Visitation was down for an extended for period, as restoration was underway and even afterward, amid piecemeal reopenings, and some business owners were just beginning to feel like life was returning to normal when an exceptionally dry, hot October brought more pain due to PG&E power shut-offs and the Kincade fire.

“We all have a little bit of PTSD when it comes to rainy weather,” said Mel Minton, general manager at the Community Market in the Barlow. “Kind of the same with wind and fire, right now.”

Gia Baiocchi, owner of The Nectary juice and smoothie bar and a partner in Fern Bar restaurant and lounge, which did not flood, likened the extended recovery to friends still getting back on their feet after more than two years after the North Bay firestorm of 2017.

“Looking back, obviously it was an absolutely devastating experience for so many of us, even those of us that did manage to reopen,” she said. “I’m still, on a daily basis, dealing with something flood-related. I’ve been in a state of crisis management for a year, really, even though I reopened in May.”

The Barlow’s misfortune was perhaps the least anticipated aspect of widespread flooding that occurred last year after an atmospheric river stalled above the region and dumped 10 to 15 inches of rain over the Russian River watershed - even more, in some places.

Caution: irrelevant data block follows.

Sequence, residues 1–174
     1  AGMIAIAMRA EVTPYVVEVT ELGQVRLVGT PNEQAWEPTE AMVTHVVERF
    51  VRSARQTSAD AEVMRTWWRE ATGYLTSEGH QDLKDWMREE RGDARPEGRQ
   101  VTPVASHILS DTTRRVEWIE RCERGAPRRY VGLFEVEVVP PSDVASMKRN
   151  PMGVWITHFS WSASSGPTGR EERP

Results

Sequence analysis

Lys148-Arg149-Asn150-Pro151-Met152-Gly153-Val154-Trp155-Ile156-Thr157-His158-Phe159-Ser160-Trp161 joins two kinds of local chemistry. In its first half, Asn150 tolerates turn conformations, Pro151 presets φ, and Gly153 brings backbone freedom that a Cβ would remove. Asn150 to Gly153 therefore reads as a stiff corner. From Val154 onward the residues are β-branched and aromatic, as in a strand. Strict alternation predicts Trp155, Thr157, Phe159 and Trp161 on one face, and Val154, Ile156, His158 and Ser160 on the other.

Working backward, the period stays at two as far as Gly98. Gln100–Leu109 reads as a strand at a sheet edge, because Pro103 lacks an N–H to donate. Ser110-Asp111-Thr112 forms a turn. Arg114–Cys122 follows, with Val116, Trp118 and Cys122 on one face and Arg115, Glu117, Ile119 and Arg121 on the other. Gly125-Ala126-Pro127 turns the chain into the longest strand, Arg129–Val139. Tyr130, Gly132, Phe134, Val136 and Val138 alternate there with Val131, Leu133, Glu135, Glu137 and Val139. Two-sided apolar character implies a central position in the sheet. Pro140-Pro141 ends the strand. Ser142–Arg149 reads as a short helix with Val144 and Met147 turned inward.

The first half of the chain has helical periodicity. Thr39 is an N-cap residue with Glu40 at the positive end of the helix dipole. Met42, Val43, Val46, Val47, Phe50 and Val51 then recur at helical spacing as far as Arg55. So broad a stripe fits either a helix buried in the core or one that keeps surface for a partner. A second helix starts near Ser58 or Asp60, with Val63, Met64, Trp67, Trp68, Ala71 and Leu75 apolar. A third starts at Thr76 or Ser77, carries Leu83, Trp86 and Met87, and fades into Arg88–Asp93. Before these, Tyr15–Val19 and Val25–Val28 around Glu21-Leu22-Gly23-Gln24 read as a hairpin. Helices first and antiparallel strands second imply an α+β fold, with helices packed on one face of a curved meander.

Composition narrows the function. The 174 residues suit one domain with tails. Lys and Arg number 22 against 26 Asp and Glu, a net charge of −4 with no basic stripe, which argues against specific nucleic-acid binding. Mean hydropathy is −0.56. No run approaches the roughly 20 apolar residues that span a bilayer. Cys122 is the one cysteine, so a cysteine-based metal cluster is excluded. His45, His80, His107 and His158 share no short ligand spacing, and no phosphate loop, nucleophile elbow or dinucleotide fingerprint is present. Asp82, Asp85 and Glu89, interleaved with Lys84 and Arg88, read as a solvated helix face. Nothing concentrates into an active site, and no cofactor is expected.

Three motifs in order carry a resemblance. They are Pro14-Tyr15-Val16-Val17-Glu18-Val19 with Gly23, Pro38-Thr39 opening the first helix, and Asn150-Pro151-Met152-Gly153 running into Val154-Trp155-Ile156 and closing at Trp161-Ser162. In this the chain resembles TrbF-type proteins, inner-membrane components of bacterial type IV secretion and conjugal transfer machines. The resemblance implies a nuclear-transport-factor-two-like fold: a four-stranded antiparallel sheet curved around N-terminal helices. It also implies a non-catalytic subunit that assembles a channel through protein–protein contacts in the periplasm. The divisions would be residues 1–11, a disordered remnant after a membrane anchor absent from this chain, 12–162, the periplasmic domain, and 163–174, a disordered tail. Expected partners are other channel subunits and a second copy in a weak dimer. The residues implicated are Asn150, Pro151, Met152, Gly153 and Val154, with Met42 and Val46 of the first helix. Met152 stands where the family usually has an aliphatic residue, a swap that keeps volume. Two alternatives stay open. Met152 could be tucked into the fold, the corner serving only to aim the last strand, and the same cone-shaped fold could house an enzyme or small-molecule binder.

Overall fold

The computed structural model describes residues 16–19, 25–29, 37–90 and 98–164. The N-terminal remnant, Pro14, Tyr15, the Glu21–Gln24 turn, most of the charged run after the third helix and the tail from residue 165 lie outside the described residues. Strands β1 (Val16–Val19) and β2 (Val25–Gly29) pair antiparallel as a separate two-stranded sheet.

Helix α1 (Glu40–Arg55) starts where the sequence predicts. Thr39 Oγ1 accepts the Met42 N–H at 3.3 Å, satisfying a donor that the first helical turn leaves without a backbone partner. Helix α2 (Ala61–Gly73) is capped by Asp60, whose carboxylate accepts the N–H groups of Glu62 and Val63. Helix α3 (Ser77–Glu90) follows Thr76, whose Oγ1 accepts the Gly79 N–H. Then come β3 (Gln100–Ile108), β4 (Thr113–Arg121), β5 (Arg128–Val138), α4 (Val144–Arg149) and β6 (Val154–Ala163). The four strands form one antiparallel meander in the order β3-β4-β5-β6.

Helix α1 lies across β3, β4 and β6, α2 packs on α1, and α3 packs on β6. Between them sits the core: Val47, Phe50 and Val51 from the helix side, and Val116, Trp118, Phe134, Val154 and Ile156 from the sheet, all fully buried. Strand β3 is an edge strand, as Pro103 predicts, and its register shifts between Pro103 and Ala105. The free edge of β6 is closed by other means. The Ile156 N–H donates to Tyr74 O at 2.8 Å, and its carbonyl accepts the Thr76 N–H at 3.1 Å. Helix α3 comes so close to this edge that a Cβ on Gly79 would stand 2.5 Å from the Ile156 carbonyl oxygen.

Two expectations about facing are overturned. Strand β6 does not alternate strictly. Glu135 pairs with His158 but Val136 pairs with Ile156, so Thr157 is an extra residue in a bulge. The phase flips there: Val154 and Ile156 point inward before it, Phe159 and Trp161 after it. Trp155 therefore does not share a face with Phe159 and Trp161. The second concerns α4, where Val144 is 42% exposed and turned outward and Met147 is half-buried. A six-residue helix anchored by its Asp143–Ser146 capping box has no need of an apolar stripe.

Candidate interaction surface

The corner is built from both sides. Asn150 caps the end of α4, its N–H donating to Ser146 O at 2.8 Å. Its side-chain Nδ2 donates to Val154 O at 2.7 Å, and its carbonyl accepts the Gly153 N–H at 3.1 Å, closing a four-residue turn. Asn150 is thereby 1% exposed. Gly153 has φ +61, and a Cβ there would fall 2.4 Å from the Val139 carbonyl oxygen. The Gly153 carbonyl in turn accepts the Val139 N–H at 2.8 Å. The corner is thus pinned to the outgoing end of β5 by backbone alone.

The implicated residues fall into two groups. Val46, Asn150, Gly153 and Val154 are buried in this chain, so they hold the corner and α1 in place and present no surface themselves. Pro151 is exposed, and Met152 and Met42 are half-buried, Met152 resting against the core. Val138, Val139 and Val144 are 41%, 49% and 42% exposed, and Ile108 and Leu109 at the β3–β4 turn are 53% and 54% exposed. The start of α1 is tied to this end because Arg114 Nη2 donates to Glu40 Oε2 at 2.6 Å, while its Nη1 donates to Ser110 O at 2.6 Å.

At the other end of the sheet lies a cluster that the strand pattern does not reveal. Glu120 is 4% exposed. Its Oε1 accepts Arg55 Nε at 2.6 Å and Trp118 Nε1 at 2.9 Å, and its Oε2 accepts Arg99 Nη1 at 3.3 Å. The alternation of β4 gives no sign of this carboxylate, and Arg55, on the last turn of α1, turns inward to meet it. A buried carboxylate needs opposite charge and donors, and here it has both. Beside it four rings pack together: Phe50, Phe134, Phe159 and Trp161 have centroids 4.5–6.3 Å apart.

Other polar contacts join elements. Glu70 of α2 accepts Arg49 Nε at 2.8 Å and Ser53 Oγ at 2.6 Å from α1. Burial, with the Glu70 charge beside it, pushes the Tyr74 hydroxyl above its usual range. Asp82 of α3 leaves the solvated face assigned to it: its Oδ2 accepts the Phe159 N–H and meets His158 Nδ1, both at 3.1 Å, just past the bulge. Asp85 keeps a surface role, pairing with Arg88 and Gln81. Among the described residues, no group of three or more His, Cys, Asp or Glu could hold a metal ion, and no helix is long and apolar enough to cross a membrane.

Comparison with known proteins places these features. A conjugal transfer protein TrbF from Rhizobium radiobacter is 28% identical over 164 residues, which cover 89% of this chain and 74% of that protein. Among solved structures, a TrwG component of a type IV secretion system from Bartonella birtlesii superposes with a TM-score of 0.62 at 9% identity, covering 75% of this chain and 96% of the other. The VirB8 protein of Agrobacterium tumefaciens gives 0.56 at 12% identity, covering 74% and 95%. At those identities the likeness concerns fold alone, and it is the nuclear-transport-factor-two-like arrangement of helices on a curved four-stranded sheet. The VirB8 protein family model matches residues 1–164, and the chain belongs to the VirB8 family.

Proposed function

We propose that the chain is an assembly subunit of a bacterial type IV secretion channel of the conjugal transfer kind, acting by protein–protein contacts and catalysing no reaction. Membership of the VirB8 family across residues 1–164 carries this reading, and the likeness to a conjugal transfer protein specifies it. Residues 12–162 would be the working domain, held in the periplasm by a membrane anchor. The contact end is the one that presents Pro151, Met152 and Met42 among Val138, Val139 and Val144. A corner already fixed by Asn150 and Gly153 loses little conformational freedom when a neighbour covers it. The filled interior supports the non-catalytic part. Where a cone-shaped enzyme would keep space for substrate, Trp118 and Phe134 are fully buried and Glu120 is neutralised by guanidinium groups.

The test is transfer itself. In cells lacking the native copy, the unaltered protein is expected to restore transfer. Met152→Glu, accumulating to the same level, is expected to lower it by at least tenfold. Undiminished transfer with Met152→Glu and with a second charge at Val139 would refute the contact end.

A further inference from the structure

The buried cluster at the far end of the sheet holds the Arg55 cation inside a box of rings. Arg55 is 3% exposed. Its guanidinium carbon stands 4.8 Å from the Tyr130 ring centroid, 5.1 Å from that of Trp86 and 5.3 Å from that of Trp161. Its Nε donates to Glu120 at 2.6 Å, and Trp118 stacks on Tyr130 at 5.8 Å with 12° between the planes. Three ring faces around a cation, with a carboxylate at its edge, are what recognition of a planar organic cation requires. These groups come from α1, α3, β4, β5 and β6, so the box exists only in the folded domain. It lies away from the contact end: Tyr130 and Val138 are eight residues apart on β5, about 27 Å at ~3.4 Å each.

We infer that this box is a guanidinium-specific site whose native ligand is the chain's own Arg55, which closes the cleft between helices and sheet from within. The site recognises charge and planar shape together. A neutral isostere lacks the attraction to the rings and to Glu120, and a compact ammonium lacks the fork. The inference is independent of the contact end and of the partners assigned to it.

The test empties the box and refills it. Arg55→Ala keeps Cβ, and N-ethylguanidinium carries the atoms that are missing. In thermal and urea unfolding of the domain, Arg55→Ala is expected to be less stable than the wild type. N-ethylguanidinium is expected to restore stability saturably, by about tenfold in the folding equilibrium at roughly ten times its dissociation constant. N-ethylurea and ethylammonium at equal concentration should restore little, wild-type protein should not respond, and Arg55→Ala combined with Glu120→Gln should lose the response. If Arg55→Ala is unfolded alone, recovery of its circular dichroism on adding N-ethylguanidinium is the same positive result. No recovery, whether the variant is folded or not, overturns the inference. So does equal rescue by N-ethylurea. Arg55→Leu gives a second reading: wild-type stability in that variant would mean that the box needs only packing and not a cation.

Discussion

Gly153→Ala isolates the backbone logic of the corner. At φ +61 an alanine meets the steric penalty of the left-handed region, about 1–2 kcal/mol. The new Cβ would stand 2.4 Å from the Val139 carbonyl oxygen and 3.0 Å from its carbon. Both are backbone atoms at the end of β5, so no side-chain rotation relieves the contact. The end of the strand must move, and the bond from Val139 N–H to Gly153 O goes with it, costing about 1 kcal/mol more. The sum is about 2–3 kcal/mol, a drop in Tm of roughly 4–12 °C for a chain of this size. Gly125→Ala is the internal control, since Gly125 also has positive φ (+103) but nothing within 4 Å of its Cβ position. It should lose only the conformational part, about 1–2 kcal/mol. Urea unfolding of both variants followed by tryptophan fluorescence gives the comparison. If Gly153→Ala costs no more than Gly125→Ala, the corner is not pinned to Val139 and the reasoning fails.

The downpour raised the Russian River to 45.4 feet, its highest level in nearly a quarter century, and pushed creeks and waterways around the region to overflowing, turning the landscape into a coffee-colored water world.

The result was an estimated $150 million in private property losses and about $77.9 million in damage to public infrastructure, emergency response costs and debris removal, according to Sonoma County personnel.

At the 6-year-old Barlow, about two-thirds of the restaurants, shops and other businesses that make up the 12-acre complex were flooded.

Nearly all were uninsured, given the prohibitive cost of insurance in a flood plain, and faced devastating losses.

Several tenants pulled up stakes as a result, including two key anchors, Zazu and Village Bakery. Other departures immediately after the flood included Tamarind boutique, Friedeman Wines, Barlow Clay pottery studio, and Circle of Hands toys and gifts.

Leather handbag and jewelry designer Adelle Stoll left in the fall. MacPhail Tasting Lounge, also flooded, closed in December.

Amid the grief and ruin, personal and legal disputes also arose over Barlow management’s planning, maintenance and execution of the flood protection plan the city of Sebastopol required it to develop as a condition of its permit to build in the flood plain 1,000 feet from the Laguna.

A review by the city concluded The Barlow simply waited too long to begin installing prefabricated floodgates and even marshaling the work crew needed to do it, and identified multiple lapses that prevented the system from being deployed properly.